Studies from Oklahoma State University Have Provided New Data on Cancer Gene Therapy (SHetA2 interference with mortalin binding to p66shc and p53 identified using drug-conjugated magnetic microspheres)
By a News Reporter-Staff News Editor at Cancer Gene Therapy Week -- Current study results on Biotechnology have been published. According to news reporting out of Stillwater, Oklahoma, by NewsRx editors, research stated, "SHetA2 is a small molecule flexible heteroarotinoid (Flex-Het) with promising cancer prevention and therapeutic activity. Extensive preclinical testing documented lack of SHetA2 toxicity at doses 25 to 150 fold above effective doses."
Our news journalists obtained a quote from the research from Oklahoma State University, "Knowledge of the SHetA2 molecular target(s) that mediate(s) the mechanism of SHetA2 action is critical to appropriate design of clinical trials and improved analogs. The aim of this study was to develop a method to identify SHetA2 binding proteins in cancer cells. A known metabolite of SHetA2 that has a hydroxyl group available for attachment was synthesized and conjugated to a linker for attachment to a magnetic microsphere. SHetA2-conjugated magnetic microspheres and unconjugated magnetic microspheres were separately incubated with aliquots of a whole cell protein extract from the A2780 human ovarian cancer cell line. After washing away non-specifically bound proteins with the protein extraction buffer, SHetA2-binding proteins were eluted with an excess of free SHetA2. In two independent experiments, an SDS gel band of about 72 kDa was present at differential levels in wells of eluent from SHetA2-microspheres in comparison to wells of eluent from unconjugated microspheres. Mass spectrometry analysis of the bands (QStar) and straight eluents (Orbitrap) identified mortalin (HSPA9) to be present in the eluent from SHetA2-microspheres and not in eluent from unconjugated microspheres. Co-immunoprecipitation experiments demonstrated that SHetA2 interfered with mortalin binding to p53 and p66 Src homologous-collagen homologue (p66shc) inside cancer cells. Mortalin and SHetA2 conflictingly regulate the same molecules involved in mitochondria-mediated intrinsic apoptosis."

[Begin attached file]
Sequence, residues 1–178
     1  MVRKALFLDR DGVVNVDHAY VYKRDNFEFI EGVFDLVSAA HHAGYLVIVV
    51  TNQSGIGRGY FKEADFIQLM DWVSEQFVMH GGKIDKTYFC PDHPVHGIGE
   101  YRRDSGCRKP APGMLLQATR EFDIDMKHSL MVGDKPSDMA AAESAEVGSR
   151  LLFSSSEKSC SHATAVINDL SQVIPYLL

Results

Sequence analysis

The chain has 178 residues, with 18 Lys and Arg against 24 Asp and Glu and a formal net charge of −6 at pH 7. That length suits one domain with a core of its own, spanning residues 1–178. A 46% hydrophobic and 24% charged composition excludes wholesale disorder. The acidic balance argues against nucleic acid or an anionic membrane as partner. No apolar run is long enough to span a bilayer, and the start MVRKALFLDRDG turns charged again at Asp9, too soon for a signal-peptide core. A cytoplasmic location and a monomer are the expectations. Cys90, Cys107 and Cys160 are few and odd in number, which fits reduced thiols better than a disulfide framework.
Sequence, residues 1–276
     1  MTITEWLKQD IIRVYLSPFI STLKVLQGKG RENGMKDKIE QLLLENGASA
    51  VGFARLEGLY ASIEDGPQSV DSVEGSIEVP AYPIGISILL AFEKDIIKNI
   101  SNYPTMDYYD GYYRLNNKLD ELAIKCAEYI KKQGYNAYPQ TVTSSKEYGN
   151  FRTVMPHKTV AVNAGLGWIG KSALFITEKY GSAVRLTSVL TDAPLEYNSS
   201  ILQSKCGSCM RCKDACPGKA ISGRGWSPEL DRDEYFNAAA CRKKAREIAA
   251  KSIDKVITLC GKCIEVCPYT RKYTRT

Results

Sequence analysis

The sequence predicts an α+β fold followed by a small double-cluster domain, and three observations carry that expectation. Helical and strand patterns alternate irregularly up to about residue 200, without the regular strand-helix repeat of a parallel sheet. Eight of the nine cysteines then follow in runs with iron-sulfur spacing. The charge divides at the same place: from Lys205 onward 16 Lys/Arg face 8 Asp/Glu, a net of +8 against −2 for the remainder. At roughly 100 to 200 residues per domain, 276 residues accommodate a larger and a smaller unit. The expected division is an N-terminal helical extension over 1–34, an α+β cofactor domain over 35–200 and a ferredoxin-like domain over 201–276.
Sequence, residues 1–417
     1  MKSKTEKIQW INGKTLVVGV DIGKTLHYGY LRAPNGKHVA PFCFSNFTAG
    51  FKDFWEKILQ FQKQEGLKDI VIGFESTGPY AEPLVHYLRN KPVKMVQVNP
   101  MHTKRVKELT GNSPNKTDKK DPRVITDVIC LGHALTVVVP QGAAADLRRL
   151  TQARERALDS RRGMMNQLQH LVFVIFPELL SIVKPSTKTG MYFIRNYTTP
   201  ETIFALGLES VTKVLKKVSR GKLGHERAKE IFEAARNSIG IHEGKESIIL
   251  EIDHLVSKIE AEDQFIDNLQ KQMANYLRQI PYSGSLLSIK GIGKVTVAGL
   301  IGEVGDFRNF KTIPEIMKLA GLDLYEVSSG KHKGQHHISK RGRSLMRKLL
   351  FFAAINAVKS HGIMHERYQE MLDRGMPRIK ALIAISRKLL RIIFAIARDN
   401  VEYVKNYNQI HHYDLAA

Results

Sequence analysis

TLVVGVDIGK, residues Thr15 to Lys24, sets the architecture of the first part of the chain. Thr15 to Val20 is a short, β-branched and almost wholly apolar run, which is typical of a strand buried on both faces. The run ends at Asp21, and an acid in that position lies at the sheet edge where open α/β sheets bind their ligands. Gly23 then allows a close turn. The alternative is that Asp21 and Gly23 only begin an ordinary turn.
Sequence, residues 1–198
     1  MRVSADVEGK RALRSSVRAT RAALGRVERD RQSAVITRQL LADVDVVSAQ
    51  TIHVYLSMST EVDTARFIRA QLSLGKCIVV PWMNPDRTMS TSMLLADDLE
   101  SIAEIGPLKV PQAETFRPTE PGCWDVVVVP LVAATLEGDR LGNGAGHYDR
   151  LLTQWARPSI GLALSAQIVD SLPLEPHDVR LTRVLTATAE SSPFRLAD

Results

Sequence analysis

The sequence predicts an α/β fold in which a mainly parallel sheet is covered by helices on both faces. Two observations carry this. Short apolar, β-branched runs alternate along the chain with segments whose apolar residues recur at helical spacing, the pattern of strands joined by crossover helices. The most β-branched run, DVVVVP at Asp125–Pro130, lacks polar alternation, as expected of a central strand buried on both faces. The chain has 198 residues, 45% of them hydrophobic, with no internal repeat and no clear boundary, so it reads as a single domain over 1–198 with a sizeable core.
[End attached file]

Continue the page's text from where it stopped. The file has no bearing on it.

According to the news editors, the research concluded: "The results validate the power of this protocol for revealing drug targets."
For more information on this research see: SHetA2 interference with mortalin binding to p66shc and p53 identified using drug-conjugated magnetic microspheres. Investigational New Drugs, 2014;32(3):412-423. Investigational New Drugs can be contacted at: Springer, Van Godewijckstraat 30, 3311 Gz Dordrecht, Netherlands. (Springer - www.springer.com; Investigational New Drugs - www.springerlink.com/content/0167-6997/)
Our news journalists report that additional information may be obtained by contacting D.M. Benbrook, Oklahoma State University, Dept. of Chem, Stillwater, OK 74078, United States. Additional authors for this research include B. Nammalwar, A. Long, H. Matsumoto, A. Singh, R.A. Bunce and K.D. Berlin (see also Biotechnology).
Keywords for this news article include: Biotechnology, Oklahoma, Genetics, Oncology, p53 Gene, Stillwater, United States, Cancer Gene Therapy, North and Central America
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